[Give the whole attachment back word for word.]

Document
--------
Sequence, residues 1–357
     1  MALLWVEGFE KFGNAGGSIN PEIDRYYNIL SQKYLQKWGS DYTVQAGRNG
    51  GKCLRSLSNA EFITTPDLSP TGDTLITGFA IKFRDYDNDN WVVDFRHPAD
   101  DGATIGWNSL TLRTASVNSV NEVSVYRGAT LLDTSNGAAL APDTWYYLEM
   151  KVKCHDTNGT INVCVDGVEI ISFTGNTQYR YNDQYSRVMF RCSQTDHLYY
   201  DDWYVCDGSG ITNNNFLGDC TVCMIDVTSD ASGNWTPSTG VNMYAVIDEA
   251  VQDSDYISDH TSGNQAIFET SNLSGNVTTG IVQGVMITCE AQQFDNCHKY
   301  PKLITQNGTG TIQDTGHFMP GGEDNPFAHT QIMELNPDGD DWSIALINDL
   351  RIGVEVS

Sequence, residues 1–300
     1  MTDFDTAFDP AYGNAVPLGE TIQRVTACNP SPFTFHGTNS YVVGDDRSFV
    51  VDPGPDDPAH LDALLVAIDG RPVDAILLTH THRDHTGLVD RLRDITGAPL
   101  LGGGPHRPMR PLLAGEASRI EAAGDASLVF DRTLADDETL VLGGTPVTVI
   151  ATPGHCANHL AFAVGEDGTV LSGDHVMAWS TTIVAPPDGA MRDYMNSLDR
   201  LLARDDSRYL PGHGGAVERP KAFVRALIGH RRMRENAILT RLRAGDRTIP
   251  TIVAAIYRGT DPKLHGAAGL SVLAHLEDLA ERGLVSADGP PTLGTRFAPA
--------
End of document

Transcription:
Sequence, residues 1–357
     1  MALLWVEGFE KFGNAGGSIN PEIDRYYNIL SQKYLQKWGS DYTVQAGRNG
    51  GKCLRSLSNA EFITTPDLSP TGDTLITGFA IKFRDYDNDN WVVDFRHPAD
   101  DGATIGWNSL TLRTASVNSV NEVSVYRGAT LLDTSNGAAL APDTWYYLEM
   151  KVKCHDTNGT INVCVDGVEI ISFTGNTQYR YNDQYSRVMF RCSQTDHLYY
   201  DDWYVCDGSG ITNNNFLGDC TVCMIDVTSD ASGNWTPSTG VNMYAVIDEA
   251  VQDSDYISDH TSGNQAIFET SNLSGNVTTG IVQGVMITCE AQQFDNCHKY
   301  PKLITQNGTG TIQDTGHFMP GGEDNPFAHT QIMELNPDGD DWSIALINDL
   351  RIGVEVS

Sequence, residues 1–300
     1  MTDFDTAFDP AYGNAVPLGE TIQRVTACNP SPFTFHGTNS YVVGDDRSFV
    51  VDPGPDDPAH LDALLVAIDG RPVDAILLTH THRDHTGLVD RLRDITGAPL
   101  LGGGPHRPMR PLLAGEASRI EAAGDASLVF DRTLADDETL VLGGTPVTVI
   151  ATPGHCANHL AFAVGEDGTV LSGDHVMAWS TTIVAPPDGA MRDYMNSLDR
   201  LLARDDSRYL PGHGGAVERP KAFVRALIGH RRMRENAILT RLRAGDRTIP
   251  TIVAAIYRGT DPKLHGAAGL SVLAHLEDLA ERGLVSADGP PTLGTRFAPA